"We want our main demands included in the constitution," said Mahmood Othman, a Kurdish independent on the committee writing the document. If the disputes cannot be ironed out, he said, "we'd prefer to delay the whole constitution."
Kurds want the city and its oil riches to be the capital of Iraqi Kurdistan. Turkmens insist that they have historical rights to Kirkuk and a majority in the central city. And many of the Arab families that Saddam Hussein forcibly moved here during his "Arabization" program - often after taking homes from people in the first two groups - believe that they should have a substantial political voice and be allowed to remain.
Mr. Othman and other Kurdish leaders are demanding timetables for the return of Kurds to Kirkuk and a decision on whether it will be a part of Kurdistan. The Kurds also want a formula for sharing revenues from the extensive oil deposits around the city and a census they believe will show that they, not the Turkmens, hold a majority.
In this city that many see as a potential flash point for a wider conflict, the Kurdish demands are more than matched by the opposition.
"We are encouraging our people to claim their rights peacefully," said Ali Mehdi, a local Turkmen leader. But if talks with the Kurds break down, Mr. Mehdi said, "that will be the beginning of the civil war."
Arab grievances are just as sharp. And unfortunately for anyone who would like to see a rainbow coalition of ethnic groups rule Kirkuk in harmony, the local Kurds see any such arrangement as pointlessly complex.
"Those people who consider Kirkuk a complicated city are the ignorant people of history," said Rizgar Ali Hamazan, a Kurd on the Kurd-dominated Kirkuk Brotherhood list, which won 26 of 41 seats on the local provincial council in January elections.
As with so much else in Iraq, the conflicting views on Kirkuk are rooted in conflicting readings of the same history. A Turkmen garrison town during the Ottoman Empire, Kirkuk was dominated by that ethnic group until after World War II, said Joost R. Hiltermann, Middle East project director for the International Crisis Group, who has done extensive human rights work in northern Iraq.
Ayub Unus Ali, 73, a Turkmen who worked in the oil industry, said the city was much more homogeneous in his youth. "Frankly, there was just Turkmens," Mr. Ali recalled, though he also remembered scattered Arab tribesmen.
Reminiscences like that are not welcomed by many Kurds, who now claim Kirkuk as an ancestral capital. Still, the oil industry did draw people from Kurdish villages around the city, and the Turkmens had only a slight majority by 1957, Mr. Hiltermann said.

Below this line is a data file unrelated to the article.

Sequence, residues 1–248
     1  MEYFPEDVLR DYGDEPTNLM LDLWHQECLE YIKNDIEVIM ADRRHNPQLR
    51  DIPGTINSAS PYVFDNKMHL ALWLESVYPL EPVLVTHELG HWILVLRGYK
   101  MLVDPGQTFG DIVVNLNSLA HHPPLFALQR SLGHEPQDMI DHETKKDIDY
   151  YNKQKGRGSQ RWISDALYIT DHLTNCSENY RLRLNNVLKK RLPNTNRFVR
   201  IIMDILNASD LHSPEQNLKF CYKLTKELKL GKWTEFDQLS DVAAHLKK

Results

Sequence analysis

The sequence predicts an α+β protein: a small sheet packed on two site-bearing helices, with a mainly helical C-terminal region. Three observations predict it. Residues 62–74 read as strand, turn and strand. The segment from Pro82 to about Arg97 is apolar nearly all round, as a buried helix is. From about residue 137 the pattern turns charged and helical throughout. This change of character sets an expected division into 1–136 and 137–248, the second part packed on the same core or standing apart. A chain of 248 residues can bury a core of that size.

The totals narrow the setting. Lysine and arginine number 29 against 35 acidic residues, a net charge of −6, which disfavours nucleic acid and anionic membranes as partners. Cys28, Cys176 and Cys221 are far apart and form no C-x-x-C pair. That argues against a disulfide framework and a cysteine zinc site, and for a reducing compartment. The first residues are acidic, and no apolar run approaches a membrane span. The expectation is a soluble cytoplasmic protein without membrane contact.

The Kurdish presence continued to grow in the 1960's, and although the Arabization programs reversed some of the trend, thousands of Kurds have returned, many of them to shantytowns around the edge of Kirkuk as they wait for their property cases to be resolved. Now, Mr. Hiltermann believes, the best measure of the ethnic mix in Kirkuk is the elections held in January, which indicated a clear Kurdish majority.
"Turkmens have a completely inflated sense of their own size," Mr. Hiltermann said.
This spring, the Brotherhood List carried out a power grab after negotiations with the Turkmens and Arabs on forming a joint government broke down, using the Kurdish majority to secure nearly every top administrative post in the local government.
The move set off demonstrations among the Turkmen and Arab populace. Not until Aug. 1, after interventions by American officials, did the Kurds finally agree to give more council seats to the Arabs and Turkmens.
But the agreement remains to be carried out, and just two days after it was struck, the American ambassador to Iraq, Zalmay Khalilzad, set off a new round of anger, this time among the Kurds. During a visit to Kirkuk, Mr. Khalilzad said that he would not support the deportation of Arabs whose families were relocated under Mr. Hussein's program, prompting Kurds to claim that he was helping to marginalize them.
Not everyone sees Kirkuk as worrisome. Brig. Gen. Alan Gayhart of the 116th Brigade Combat Team acknowledged the American involvement in the negotiations but said that all the agreements had been made freely by the Iraqis.
"We have been like a manager, or a guy in the corner in a boxing match," General Gayhart said. He added that the ethnic tensions "are predominantly between the political groups" rather than ordinary citizens.
Still, in interview after interview, those citizens bitterly complain that they find it difficult to win jobs from ethnic groups beyond their own.
It is unclear how far the Kurdish demands for timetables and a census go beyond the current law, which states that a permanent resolution on the city's status should wait until after the constitution is ratified and property claims stemming from Mr. Hussein's Arabization program are settled.
But members of the constitutional committee are considering formulas for sharing the oil wealth from provinces, like the one surrounding Kirkuk.
"Part of it will go to the federal government and part to the governorate which produced the resource," said Thamir Ghadban, a member of the committee who is a former oil minister.